Sea Fishing around Mullaghmore
A large headland, standing out into Donegal Bay from the western seaboard of County Sligo, Mullaghmore is a deservedly popular holiday place with a great reputation for sea-angling. Many of the visitors who come to stay there in the summer are attracted by the fishing – in addition to the beautiful strands, a good hotel and a choice between self-catering cottages, a caravan park and a number of guest houses. The village grew up around the harbour which is the base for a number of licensed boats, fully equipped for shark and tuna. Fishing is good around the Mullaghmore headland itself and the village is a good base for exploring a variety of sites up to 8 miles (13 km) down the coast. Tide times can be calculated by adding 6 hours to Dublin predictions.
Mullaghmore Pier, on the sheltered side of the headland, looking back across the strand to the mountains of Sligo, is a haunt of mullet and the source of many of specimen size. They are taken on pieces of fish or bread at high water. The breakwater, at the harbour entrance, yields dab, flounder, plaice and occasional ray in summer. On the exposed, rocky north coast is Darby’s Hole where the gently sloping rocks provide excellent fishing for big wrasse. Lugworm can be dug at the eastern end of Mullaghmore Harbour at low water. To the south of Mullaghmore, and a little way off the beaten track, the main river channel at Milk Haven Estuary offers flounder, sea trout and mullet in plenty. Freelining sandeel in the channel can be excellent sport for sea trout, especially from the sand bar on the northern shore. Casting into the surf yields occasional plaice. Lugworm and white ragworm are plentiful at the top of the estuary.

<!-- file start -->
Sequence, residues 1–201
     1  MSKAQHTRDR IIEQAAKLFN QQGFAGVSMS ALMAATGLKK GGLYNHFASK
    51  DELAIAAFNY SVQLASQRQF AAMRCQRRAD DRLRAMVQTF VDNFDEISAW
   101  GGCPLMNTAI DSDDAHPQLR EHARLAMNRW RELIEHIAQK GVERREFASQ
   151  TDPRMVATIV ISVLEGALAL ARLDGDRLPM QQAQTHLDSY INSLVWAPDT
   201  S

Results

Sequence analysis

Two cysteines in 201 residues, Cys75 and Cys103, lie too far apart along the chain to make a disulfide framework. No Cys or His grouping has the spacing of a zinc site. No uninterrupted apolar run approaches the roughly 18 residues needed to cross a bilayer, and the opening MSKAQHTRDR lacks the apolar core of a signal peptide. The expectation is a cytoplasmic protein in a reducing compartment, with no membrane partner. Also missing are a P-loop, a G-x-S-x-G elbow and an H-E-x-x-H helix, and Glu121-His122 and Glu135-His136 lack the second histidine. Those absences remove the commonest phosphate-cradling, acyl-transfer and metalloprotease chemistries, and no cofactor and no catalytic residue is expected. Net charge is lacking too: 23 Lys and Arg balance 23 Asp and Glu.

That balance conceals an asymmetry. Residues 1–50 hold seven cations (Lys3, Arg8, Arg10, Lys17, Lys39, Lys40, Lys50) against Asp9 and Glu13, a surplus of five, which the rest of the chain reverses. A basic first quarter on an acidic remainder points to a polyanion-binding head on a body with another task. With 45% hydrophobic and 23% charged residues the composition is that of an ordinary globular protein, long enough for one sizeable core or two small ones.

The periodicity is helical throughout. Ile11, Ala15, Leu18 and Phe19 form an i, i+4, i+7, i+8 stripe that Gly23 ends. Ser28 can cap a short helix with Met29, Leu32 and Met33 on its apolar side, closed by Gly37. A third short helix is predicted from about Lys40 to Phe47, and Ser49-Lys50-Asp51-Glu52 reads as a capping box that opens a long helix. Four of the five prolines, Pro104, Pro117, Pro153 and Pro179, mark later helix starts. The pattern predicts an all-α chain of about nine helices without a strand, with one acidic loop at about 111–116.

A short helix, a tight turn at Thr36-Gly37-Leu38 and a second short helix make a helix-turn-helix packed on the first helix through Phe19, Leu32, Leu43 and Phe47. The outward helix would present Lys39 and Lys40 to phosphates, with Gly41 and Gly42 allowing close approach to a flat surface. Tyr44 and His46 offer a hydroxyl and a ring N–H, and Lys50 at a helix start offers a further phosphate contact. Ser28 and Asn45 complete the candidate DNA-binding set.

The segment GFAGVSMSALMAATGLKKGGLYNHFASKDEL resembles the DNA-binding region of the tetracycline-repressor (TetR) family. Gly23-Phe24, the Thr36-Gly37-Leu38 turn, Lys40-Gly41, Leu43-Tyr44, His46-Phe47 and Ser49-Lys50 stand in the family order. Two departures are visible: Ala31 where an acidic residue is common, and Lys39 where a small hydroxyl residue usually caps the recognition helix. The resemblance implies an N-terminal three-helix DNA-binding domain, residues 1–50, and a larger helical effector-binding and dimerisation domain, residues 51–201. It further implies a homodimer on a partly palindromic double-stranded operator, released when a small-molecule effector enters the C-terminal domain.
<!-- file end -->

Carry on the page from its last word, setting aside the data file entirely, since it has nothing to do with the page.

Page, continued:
Farther south, approached through the village of Grange, is Streedagh, an area of sand dune and rock, distinguished for its fossil corals which look like stone cabbage stalks. Streedagh Strand, best fished at dusk on a flooding tide, provides flounder, ray and dogfish. The shore of Streedagh Point, nearby, consists mainly of large boulders and can be fished safely only for two hours either side of low water. Spinning, on the northeastern side of the point, is excellent for big pollack, up to 8 lb (3.5 kg). Float fishing close to the rock is ideal for wrasse, present at times in large numbers. Cloonagh Bay, 4 miles (6 km) southwest of Streedagh, has a sandy north shore and rocks to the south. Flatfish and dogfish may be caught to the north and pollack to the south.
Blue shark arrive towards the end of July and remain till October. Bluefin tuna come late in August and stay till November. A record fish of more than 900 lb (410 kg) has been caught and the average weight is around 400 lb (180 kg). Mullaghmore is an ideal spot for fishing for these giants. Bottom fishing is available all the year round for a great variety of species. The most popular quarries include pollack, coalfish, cod, ling, pouting, wrasse, conger and ray. The island of Inishmurray, with its ancient monastic ruins, is half an hour’s cruise from Mullaghmore and surrounded by 20 fathoms of water. There are several reefs on its northern side with abundant pollack and wrasse. In the sound between Inishmurray and the mainland, tope, ray and dogfish are plentiful.
The Connaught Open Boat Championship is held at the end of July and there is a shark competition early in September.
Sea Angling Clubs
Armada: Drew Lang Tel 071 9173027
Mullaghmore: Patrick O’Shea Tel 071 66106, e-mail firstname.lastname@example.org